If you can’t tell, Spike isn’t a big dog. He’s even the quiet dog in the house only barking occasionally. This morning, Spike wouldn’t stop barking at them. With Spike’s behavior being so odd, Jayme’s husband asked him to “show me,” and Spike darted up the stairs waiting to see if they would follow. They did.

Spike flew into Jayme’s room, looking back to see if they were still following him. He jumped furiously at the bed. Jayme’s husband realized something was terribly wrong.

Stella hadn’t left Jayme’s side for 18+ hours.

They rushed Jayme to the hospital. She had gone into acute kidney failure.

“I wouldn’t have made it another hour had Spike not intervened.”

Spike knows a few commands but hasn’t had any formal training. Since that day, Spike has taken his “job” to new heights. He “monitors” Jayme for pain and treats her with extra snuggles. Spike also gives her kisses when the anxiety and PTSD are too much to handle.

What did we do to deserve dogs?

“For that, I will forever be grateful to all of Ruff Start for all that you do. The animals you rescue and find loving homes sometimes save us too.”

Spike and Jayme

From Roaming Alone to Forever in a Home: Meet Yogi

A scruffy retriever mix made his way from home to home on the reservation, looking for scraps of food and a place to rest when he felt safe enough. This is Yogi’s routine for the first few years of his life. Our partner LightShine Canine: A Rez Dog Rescue, tried to rescue him during the summer of 2019, but Yogi was terrified of people. Mange wreaked havoc on his skin while secondary skin infections crept in. Yogi felt miserable, and he didn’t know if he could trust those that were trying to help him. The rescue couldn’t find him that winter.

After months of building up trust and slipping him medication, Yogi reappeared in the spring and finally accepted Lightshine’s helping paw in late March 2020. He got stitches for a wound on his head while they monitored his neck and scrotum injuries closely. It turns out people are not so bad after all. Yogi joined other rez dogs on a transport van to Minnesota foster homes, where they soon discovered the joy of living indoors.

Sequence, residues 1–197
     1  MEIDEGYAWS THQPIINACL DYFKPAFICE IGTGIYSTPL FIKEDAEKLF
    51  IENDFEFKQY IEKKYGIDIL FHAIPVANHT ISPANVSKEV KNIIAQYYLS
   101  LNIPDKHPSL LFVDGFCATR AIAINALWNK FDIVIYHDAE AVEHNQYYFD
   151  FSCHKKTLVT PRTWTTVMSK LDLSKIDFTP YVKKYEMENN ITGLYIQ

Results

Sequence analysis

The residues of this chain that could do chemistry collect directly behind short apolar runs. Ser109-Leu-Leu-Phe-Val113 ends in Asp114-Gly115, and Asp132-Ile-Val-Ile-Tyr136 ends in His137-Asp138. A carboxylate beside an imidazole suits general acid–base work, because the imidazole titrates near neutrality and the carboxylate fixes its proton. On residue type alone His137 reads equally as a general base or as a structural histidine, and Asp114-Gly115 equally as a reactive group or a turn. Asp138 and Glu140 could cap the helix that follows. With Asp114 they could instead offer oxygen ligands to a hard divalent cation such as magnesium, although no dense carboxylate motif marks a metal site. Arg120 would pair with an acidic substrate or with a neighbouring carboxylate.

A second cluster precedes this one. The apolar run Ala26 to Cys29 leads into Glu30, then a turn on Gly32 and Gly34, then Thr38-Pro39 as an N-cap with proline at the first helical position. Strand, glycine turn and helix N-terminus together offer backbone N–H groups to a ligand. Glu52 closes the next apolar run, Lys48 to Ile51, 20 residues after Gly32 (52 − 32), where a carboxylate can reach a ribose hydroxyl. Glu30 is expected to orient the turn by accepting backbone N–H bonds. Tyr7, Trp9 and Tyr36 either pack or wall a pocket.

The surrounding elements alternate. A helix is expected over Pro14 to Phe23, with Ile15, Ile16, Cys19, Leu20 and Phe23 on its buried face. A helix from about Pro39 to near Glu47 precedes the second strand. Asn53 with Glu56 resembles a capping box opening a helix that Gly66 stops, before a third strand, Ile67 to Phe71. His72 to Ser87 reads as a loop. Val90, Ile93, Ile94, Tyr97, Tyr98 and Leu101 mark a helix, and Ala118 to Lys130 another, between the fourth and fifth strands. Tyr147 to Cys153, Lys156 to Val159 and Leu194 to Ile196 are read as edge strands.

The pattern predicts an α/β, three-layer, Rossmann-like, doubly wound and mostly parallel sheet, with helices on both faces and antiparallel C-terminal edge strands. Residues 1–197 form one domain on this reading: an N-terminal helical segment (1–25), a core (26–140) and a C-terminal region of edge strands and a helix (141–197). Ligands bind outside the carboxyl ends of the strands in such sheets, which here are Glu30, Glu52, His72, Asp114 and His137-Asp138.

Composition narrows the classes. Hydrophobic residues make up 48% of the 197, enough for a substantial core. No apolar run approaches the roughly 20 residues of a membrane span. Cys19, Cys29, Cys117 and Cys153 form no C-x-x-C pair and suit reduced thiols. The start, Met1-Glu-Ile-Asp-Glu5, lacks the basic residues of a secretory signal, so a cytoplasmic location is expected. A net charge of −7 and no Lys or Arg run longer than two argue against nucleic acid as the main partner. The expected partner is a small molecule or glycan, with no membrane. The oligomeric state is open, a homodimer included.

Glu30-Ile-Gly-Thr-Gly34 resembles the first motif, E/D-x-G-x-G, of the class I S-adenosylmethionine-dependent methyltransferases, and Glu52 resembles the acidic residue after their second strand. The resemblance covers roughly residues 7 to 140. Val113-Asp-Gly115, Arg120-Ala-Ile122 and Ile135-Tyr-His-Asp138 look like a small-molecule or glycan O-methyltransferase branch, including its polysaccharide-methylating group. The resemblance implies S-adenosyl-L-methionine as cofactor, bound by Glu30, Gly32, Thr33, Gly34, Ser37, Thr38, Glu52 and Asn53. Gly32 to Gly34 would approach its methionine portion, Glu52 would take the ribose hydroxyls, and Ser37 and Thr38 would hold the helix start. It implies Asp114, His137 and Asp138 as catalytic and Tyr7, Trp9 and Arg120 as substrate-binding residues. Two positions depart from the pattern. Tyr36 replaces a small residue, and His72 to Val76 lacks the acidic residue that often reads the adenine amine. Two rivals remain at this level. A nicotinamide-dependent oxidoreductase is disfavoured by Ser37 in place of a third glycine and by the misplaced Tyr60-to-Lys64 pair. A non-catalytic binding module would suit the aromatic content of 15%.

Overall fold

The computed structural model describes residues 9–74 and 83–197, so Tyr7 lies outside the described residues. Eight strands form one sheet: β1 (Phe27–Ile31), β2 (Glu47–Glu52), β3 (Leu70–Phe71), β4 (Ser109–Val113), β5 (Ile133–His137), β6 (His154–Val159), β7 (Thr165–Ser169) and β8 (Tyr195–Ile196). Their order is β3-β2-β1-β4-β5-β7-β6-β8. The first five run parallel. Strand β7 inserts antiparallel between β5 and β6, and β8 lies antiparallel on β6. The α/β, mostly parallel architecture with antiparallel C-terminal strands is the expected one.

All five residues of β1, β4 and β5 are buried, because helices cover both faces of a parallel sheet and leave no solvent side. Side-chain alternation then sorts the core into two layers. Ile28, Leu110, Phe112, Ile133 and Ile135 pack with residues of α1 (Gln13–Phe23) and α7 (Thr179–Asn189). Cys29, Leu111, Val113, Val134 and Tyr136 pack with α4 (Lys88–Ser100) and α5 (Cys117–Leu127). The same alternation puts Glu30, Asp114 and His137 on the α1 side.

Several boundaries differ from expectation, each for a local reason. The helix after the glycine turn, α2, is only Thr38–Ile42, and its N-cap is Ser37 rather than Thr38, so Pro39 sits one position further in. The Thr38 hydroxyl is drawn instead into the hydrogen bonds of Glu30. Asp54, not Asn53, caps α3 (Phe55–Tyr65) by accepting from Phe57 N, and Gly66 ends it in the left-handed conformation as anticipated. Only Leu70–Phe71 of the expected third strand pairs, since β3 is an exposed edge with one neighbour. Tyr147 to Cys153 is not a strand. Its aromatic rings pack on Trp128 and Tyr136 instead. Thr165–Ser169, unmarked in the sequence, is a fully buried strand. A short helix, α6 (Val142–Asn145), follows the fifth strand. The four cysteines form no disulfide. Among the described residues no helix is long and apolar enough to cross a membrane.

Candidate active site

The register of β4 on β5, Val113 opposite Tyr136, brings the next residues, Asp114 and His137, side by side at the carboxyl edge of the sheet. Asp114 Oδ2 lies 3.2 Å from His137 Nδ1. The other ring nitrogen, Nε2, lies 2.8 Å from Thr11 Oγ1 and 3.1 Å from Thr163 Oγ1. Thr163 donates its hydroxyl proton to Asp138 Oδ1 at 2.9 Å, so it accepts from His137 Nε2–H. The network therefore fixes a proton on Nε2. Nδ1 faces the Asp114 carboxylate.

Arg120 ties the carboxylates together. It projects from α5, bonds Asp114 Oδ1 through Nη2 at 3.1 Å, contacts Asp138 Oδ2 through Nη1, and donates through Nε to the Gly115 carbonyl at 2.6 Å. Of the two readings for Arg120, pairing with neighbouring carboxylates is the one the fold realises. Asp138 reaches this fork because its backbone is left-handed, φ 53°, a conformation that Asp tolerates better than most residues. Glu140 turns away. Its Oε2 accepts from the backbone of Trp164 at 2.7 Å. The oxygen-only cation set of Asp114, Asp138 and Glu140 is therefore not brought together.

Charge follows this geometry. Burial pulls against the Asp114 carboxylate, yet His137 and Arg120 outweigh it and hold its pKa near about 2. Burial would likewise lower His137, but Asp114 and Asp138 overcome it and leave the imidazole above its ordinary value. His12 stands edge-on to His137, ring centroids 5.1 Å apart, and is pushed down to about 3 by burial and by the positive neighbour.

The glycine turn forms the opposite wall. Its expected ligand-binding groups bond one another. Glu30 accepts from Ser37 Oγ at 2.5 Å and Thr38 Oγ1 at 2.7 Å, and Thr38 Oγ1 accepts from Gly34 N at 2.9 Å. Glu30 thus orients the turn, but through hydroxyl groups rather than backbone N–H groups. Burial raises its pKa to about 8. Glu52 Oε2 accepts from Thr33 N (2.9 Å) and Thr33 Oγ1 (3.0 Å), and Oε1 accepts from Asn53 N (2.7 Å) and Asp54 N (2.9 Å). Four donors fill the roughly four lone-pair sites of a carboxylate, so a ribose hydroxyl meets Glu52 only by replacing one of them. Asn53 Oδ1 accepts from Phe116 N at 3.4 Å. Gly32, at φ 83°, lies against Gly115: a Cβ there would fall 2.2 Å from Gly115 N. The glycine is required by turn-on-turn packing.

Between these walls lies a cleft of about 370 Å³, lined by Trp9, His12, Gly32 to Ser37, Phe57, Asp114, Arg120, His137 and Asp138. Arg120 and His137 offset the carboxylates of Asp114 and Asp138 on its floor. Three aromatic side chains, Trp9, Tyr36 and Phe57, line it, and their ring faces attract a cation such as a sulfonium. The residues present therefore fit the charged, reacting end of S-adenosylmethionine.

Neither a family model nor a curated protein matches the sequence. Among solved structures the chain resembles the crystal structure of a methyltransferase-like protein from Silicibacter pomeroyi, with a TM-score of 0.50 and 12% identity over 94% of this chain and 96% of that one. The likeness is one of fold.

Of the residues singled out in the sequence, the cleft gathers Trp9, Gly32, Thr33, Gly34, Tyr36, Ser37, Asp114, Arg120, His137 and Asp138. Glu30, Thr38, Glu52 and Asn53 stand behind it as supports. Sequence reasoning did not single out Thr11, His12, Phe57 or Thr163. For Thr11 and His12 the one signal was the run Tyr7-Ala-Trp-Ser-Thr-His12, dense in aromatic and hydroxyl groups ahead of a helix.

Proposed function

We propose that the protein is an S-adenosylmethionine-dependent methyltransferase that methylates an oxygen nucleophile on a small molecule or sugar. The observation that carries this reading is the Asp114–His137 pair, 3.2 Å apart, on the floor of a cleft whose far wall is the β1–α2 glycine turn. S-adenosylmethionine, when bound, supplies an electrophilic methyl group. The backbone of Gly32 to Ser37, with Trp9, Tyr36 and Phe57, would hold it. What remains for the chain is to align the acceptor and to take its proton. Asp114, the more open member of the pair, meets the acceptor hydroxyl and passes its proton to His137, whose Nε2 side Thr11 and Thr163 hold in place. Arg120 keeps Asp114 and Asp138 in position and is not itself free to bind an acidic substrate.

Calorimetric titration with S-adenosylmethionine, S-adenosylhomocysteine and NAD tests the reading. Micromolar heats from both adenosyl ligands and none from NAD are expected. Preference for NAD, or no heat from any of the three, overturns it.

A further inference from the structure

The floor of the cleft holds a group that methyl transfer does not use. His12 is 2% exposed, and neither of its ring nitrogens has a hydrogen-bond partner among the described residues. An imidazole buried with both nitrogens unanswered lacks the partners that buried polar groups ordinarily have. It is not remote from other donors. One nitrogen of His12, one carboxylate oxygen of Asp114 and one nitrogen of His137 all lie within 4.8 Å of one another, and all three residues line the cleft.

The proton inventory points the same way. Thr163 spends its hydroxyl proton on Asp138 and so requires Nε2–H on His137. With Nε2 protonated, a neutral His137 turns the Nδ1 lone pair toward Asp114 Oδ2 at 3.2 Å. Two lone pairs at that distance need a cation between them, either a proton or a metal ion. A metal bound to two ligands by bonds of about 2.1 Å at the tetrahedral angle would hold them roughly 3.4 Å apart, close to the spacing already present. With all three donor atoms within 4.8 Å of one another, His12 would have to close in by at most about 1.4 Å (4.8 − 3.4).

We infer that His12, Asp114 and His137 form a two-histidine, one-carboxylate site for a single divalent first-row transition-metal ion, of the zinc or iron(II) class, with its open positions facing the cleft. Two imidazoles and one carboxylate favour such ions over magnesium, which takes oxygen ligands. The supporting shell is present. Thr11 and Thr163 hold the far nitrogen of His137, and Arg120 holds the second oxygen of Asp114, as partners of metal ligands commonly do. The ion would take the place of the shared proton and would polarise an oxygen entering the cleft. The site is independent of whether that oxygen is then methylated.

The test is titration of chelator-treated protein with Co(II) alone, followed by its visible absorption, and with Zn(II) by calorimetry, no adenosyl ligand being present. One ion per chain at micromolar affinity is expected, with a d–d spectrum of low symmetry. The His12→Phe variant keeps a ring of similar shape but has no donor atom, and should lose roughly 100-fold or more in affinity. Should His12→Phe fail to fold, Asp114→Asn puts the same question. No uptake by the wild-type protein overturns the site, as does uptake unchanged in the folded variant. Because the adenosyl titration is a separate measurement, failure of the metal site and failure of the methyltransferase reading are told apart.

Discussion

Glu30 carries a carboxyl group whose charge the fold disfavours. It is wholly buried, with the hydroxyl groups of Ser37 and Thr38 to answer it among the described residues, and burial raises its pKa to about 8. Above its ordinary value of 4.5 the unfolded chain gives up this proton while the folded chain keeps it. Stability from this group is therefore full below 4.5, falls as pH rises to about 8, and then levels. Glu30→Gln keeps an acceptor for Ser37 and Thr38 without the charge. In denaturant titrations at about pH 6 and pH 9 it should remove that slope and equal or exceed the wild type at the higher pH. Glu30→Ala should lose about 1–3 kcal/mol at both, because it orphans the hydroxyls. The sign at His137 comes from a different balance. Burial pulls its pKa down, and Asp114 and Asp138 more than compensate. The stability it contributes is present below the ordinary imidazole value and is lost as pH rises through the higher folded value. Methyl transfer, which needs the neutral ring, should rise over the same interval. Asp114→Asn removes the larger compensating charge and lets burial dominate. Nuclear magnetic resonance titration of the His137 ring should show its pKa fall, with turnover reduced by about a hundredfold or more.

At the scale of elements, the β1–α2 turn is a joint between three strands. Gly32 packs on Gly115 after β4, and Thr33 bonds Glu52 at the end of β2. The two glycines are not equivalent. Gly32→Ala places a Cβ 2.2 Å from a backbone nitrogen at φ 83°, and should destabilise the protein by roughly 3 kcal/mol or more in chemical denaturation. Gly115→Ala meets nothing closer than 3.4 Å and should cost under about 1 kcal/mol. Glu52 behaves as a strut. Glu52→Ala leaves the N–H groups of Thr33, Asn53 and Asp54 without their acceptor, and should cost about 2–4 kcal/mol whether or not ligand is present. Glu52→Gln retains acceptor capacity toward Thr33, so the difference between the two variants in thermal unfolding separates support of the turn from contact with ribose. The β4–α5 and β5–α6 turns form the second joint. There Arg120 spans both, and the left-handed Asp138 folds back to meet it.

Yogi wandering the streets
Yogi rescued in a crate
Yogi at the vet

Yogi seemed so shy, confused, and scared his first few days in his foster home. He wouldn’t look at them for days. Although, it didn’t take too long for Yogi to start trusting his fosters and feel more relaxed. His love for treats certainly helped, and he couldn’t turn down a belly rub.

Distraught, Yogi kept trying to cover his food dish that had leftover food in it. Once his foster mom understood what he was trying to do, she grabbed a towel and put it over his food bowl. Yogi felt content with this solution as his survival instincts were still in full effect. This reaction lasted about two weeks until Yogi finally realized no one would steal his food.

For the first time, Yogi could relax in the sun and not worry about other animals hurting him. He learned what toys are and proudly carried them around the house. He even learned how to perform some commands like sit, shake, and lay down.

His foster mom, Kate, says, “From coming from the reservation with no home, no family, no future, he realized and let himself be loved and cared for. His life got better, and he started to let himself relax and enjoy being a dog.”

We couldn’t have said it better ourselves. Your support makes these transformations possible. Yogi is currently enjoying his second chance at life in his forever home.

Yogi paying with his toy